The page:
NY subway bombing plot was hatched in Pakistan
The failed plot to bomb three New York City subways in September 2009 was hatched by two senior al Qaeda leaders in the tribal areas of Pakistan, prosecutors said as another accused pleaded guilty.
New York: The failed plot to bomb three New York City subways in September 2009 was hatched by two senior al Qaeda leaders in the tribal areas of Pakistan, prosecutors said as another accused pleaded guilty.
New details about the aborted terror mission of three would-be suicide attackers came as Zarein Ahmedzay, a Queens taxi driver, admitted his role in the plot during a hearing in federal court in Brooklyn on Friday.
Ahmedzay joins Najibullah Zazi of Denver, who earlier pleaded guilty to participating in the alleged subway plot. The action leaves a single defendant, Adis Medunjanin, to stand trial on a five-count indictment. All three face up to life in prison.
According to federal prosecutors, the three men travelled to Pakistan in August 2008 and met with two al Qaeda leaders, Saleh Al-Somali, head of international operations for al Qaeda, and Rashid Rauf, described as a key al Qaeda operative.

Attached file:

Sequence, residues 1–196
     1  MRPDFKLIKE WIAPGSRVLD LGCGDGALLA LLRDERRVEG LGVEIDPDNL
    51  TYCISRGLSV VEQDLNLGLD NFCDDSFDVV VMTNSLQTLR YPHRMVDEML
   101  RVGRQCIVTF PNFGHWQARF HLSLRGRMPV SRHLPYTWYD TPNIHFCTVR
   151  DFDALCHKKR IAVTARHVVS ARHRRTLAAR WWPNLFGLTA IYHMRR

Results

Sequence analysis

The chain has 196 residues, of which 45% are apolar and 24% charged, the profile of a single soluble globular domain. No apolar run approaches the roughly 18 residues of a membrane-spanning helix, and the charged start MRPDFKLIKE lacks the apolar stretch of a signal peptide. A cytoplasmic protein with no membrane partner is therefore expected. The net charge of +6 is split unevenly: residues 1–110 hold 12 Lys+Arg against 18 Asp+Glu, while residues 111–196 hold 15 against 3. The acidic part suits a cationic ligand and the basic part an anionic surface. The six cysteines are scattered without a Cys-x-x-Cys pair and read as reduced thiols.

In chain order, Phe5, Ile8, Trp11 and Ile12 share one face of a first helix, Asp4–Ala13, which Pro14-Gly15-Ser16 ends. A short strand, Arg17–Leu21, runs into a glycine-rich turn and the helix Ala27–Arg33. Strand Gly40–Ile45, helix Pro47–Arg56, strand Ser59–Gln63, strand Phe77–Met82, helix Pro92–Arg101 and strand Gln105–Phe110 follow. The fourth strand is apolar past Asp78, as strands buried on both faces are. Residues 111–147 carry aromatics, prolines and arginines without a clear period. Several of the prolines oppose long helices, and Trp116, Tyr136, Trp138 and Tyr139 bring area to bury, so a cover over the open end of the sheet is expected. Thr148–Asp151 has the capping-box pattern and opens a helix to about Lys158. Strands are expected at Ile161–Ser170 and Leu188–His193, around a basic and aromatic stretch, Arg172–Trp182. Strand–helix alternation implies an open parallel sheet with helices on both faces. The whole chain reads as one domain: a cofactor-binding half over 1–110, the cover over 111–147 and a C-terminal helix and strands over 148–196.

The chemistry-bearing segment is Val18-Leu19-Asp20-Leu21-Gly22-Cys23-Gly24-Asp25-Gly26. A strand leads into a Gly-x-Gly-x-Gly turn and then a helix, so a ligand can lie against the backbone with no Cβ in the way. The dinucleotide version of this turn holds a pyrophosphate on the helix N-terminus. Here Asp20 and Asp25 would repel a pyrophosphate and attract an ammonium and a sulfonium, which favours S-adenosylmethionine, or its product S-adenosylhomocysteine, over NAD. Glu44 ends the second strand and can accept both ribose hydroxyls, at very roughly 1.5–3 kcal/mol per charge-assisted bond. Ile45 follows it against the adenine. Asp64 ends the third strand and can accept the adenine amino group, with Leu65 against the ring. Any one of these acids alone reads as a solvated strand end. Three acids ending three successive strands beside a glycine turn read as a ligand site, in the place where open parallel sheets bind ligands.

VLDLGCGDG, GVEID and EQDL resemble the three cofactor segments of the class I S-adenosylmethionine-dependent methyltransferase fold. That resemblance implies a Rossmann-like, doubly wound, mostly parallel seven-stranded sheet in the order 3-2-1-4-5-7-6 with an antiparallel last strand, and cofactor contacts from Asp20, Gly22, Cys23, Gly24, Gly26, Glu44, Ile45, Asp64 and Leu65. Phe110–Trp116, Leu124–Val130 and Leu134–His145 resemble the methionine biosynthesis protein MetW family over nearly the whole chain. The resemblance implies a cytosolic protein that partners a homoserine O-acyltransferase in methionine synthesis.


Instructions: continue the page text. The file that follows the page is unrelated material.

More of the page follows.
The three Americans told the al Qaeda officials they wanted to fight in Afghanistan, but the leaders suggested they would be more useful to al Qaeda if they returned to New York to carry out suicide attacks, prosecutors said.
According to US officials, the men agreed to carry out the attacks. They said the al Qaeda leaders encouraged the men to strike well-known structures in New York City and to maximise the number of casualties.
During the proceeding, Ahmedzay, a short, bearded man wearing a blue prison smock with a long-sleeved white T-shirt beneath it and blue prison pants, quoted from the Koran before describing his role in the bomb plot, the New York Times reported.
Then, appearing at ease, he began an angry rant, suggesting that a Zionist conspiracy represents a greater threat to the United States than al Qaeda does.
The judge eventually interrupted him. Moments before, Ahmedzay tried to say what had motivated him and his co-defendants, but US Magistrate Judge Steven M Gold cut him off, saying, "It doesn`t matter”.
"The facts disclosed today (Friday) add chilling details to what we know was a deadly plot hatched by al Qaeda leaders overseas to kill scores of Americans in the New York City subway system," said Attorney General Eric Holder in a statement in Washington.
"Ahmedzay`s plea makes clear that he betrayed his adopted country and its people by providing support to al Qaeda and planning to bring deadly violence to New York," said FBI director Robert Mueller.